Nobel Laureate Frank Wilczek. Photo: Niklas Björling
Nobel Laureate Frank Wilczek. Photo: Niklas Björling
 

Frank Wilczek on physics, the Nobel Prize, beauty and knowledge

Frank Wilczek was awarded the 2004 Nobel Prize in Physics "for the discovery of asymptotic freedom in the theory of the strong interaction", together with David J. Gross and H. David Politzer. Since 2018, Professor Wilczek has held a position at Stockholm University, while maintaining his base at the Massachusetts Institute of Technology in the USA. 

 

In his book "A Beautiful Question: Finding Nature's Deep Design", Professor Wilczek argues that beauty is at the heart of the logic of the universe, a principle that had guided his pioneering work in quantum physics. 

The book was described by the journal Nature as, “both a brilliant exploration of largely uncharted territories and a refreshingly idiosyncratic guide to developments in particle physics.”

Welcome to a conversation with Nobel Laureate Frank Wilczek, Professor of Theoretical Physics at Stockholm University and moderator Johanna Koljonen on physics, the Nobel Prize, beauty and knowledge.

More about the discovery behind the 2004 Nobel Prize in Physics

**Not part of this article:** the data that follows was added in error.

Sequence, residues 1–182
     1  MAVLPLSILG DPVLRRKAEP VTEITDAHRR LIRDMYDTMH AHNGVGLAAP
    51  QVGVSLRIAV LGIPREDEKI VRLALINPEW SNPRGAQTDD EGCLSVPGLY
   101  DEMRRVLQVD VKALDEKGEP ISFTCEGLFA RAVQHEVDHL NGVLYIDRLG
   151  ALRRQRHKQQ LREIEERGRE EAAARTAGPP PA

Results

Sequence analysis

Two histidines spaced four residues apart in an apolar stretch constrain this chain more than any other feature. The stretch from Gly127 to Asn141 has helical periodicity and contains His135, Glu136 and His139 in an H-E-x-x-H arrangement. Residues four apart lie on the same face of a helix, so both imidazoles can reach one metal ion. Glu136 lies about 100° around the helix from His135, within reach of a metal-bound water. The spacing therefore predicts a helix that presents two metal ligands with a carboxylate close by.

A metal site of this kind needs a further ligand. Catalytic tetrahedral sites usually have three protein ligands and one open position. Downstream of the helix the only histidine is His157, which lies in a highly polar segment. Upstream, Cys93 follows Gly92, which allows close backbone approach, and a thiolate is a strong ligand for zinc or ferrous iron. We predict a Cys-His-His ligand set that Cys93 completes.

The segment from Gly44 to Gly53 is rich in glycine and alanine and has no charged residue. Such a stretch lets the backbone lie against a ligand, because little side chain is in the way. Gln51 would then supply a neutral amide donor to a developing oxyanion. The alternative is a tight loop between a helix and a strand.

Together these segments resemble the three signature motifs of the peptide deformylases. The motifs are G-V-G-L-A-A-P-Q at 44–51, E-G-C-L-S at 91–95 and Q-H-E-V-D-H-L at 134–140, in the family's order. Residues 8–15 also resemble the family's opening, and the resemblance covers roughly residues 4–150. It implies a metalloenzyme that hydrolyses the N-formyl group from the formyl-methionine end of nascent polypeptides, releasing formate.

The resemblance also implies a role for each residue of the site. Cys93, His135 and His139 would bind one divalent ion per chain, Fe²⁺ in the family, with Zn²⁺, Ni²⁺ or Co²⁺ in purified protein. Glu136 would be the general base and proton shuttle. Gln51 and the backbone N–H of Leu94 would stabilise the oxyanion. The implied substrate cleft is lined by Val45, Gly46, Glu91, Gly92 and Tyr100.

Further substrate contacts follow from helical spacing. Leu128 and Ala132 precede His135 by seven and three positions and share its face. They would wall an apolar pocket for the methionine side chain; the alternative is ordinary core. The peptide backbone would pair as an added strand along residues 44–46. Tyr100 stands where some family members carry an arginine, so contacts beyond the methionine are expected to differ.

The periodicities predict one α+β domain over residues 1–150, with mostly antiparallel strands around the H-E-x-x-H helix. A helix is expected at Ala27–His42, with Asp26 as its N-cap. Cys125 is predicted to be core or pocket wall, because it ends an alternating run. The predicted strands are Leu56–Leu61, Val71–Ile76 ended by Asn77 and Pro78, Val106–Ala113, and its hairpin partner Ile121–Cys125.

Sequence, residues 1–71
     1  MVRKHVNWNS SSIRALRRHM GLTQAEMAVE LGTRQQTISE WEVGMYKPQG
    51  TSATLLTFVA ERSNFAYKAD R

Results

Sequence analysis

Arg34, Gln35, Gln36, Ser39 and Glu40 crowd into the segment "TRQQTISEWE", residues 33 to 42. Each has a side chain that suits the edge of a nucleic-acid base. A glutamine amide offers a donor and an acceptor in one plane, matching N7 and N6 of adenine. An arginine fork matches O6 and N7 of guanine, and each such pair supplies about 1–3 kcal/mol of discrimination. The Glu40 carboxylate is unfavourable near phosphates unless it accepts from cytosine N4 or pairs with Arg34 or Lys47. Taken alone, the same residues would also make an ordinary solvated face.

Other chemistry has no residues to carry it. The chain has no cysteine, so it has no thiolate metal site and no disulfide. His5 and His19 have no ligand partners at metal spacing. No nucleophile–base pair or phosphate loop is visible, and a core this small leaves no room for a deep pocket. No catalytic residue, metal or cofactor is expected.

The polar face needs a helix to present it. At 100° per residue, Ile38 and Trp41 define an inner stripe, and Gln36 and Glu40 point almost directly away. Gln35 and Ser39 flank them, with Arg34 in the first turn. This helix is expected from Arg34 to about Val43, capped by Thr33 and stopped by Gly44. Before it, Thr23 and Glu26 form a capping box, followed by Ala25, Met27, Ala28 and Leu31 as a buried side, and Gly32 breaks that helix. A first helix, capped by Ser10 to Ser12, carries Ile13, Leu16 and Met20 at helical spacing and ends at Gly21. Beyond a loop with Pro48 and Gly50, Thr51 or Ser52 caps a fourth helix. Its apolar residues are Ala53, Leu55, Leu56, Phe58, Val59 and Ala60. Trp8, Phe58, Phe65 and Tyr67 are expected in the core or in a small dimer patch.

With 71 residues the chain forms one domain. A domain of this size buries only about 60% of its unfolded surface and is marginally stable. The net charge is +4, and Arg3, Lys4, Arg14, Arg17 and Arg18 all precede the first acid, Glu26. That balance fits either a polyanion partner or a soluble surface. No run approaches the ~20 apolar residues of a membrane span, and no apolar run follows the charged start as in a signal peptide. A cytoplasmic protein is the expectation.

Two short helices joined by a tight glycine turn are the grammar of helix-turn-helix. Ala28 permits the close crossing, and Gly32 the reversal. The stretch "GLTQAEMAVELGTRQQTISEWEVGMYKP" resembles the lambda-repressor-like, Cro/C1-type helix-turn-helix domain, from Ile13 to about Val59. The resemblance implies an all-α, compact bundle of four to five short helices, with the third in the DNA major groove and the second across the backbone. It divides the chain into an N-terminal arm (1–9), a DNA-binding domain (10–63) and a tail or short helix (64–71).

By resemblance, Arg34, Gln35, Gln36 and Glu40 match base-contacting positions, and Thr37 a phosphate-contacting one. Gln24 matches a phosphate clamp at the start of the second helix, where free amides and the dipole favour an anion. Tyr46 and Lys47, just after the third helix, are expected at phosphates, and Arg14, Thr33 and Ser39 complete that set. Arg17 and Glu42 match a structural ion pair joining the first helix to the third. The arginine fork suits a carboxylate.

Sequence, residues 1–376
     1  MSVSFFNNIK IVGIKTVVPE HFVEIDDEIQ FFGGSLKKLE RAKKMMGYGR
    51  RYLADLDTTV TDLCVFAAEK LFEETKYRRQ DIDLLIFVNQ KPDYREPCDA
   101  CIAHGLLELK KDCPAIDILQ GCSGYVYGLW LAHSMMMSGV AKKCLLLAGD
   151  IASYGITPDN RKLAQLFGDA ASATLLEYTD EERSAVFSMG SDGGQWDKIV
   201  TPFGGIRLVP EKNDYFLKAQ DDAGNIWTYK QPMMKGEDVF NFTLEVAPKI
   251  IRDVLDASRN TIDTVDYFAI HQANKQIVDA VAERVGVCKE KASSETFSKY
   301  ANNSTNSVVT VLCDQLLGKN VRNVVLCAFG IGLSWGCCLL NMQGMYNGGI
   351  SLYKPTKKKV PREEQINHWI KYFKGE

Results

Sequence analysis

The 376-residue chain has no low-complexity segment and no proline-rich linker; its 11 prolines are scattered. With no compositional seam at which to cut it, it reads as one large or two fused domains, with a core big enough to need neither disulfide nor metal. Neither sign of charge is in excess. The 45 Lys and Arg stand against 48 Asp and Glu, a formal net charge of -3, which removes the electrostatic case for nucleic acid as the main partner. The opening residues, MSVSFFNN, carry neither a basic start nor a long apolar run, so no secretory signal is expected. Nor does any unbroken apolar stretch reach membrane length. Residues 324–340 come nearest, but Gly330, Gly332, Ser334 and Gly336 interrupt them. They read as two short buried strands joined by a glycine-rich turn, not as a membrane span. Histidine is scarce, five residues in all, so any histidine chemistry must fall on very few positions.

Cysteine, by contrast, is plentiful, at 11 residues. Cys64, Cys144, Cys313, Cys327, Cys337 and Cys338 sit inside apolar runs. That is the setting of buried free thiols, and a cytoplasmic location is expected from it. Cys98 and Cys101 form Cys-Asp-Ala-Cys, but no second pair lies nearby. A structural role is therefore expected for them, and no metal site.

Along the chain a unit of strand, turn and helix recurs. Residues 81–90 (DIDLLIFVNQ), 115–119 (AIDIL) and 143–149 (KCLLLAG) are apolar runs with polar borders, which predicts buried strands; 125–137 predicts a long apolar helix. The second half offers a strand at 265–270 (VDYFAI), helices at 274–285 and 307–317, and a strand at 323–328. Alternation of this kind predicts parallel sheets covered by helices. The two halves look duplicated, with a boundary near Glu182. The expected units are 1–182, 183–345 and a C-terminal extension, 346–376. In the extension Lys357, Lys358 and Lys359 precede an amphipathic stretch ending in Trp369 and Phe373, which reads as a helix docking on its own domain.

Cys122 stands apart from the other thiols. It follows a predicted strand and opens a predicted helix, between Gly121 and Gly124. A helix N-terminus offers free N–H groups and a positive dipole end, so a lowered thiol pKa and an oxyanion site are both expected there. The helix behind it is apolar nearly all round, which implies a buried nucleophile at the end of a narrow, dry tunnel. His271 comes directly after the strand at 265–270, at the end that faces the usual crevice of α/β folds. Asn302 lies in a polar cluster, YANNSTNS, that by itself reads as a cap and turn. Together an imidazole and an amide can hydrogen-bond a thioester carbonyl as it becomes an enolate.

The atomic nucleus is held together by a powerful, strong interaction that binds together the protons and neutrons that comprise the nucleus. The strong interaction also holds together the quarks that make up protons and neutrons. This interaction is so strong that no free quarks have ever been observed. However, in 1973 Frank Wilczek, David Gross, and David Politzer came up with a theory postulating that when quarks come really close to one another, the attraction abates and they behave like free particles. This is called asymptotic freedom.

Read more about Frank Wilczek:

On being awarded the Nobel Prize
Frank Wilczek's Nobel Prize Lecture 2004
Frank Wilczek on Stockholm's "vibrant scientific environment"

About Johanna Koljonen

Johanna Koljonen is a Finnish-Swedish writer, critic, broadcaster, cultural journalist and translator living in Malmö.

Read more about Johanna Koljone

About Nobel Calling

This event is part of Nobel Calling Stockholm, a series of events related to the Nobel Prize. Nobel Calling at Stockholm University

Premiere for new collaboration

This autumn the University embarks upon a new collaboration with Kulturhuset Stadsteatern, in the form of a series of open lectures. Our public lectures are always free and open to all.